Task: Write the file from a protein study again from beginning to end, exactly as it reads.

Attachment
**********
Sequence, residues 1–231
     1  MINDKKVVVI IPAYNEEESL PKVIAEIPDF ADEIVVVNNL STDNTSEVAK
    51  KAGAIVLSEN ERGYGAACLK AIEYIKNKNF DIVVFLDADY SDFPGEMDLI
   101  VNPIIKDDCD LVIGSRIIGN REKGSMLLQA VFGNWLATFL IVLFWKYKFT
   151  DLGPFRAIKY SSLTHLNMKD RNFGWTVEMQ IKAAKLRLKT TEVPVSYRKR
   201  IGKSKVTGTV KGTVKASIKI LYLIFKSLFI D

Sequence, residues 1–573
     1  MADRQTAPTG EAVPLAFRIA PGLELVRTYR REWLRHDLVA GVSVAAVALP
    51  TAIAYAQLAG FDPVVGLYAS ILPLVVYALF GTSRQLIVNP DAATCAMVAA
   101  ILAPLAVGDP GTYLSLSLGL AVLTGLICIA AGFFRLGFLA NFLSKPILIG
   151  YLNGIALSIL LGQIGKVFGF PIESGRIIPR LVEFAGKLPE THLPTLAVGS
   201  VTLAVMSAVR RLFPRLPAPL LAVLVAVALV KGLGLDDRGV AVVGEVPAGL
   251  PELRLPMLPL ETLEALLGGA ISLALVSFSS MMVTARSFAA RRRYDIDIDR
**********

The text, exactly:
Sequence, residues 1–231
     1  MINDKKVVVI IPAYNEEESL PKVIAEIPDF ADEIVVVNNL STDNTSEVAK
    51  KAGAIVLSEN ERGYGAACLK AIEYIKNKNF DIVVFLDADY SDFPGEMDLI
   101  VNPIIKDDCD LVIGSRIIGN REKGSMLLQA VFGNWLATFL IVLFWKYKFT
   151  DLGPFRAIKY SSLTHLNMKD RNFGWTVEMQ IKAAKLRLKT TEVPVSYRKR
   201  IGKSKVTGTV KGTVKASIKI LYLIFKSLFI D

Sequence, residues 1–573
     1  MADRQTAPTG EAVPLAFRIA PGLELVRTYR REWLRHDLVA GVSVAAVALP
    51  TAIAYAQLAG FDPVVGLYAS ILPLVVYALF GTSRQLIVNP DAATCAMVAA
   101  ILAPLAVGDP GTYLSLSLGL AVLTGLICIA AGFFRLGFLA NFLSKPILIG
   151  YLNGIALSIL LGQIGKVFGF PIESGRIIPR LVEFAGKLPE THLPTLAVGS
   201  VTLAVMSAVR RLFPRLPAPL LAVLVAVALV KGLGLDDRGV AVVGEVPAGL
   251  PELRLPMLPL ETLEALLGGA ISLALVSFSS MMVTARSFAA RRRYDIDIDR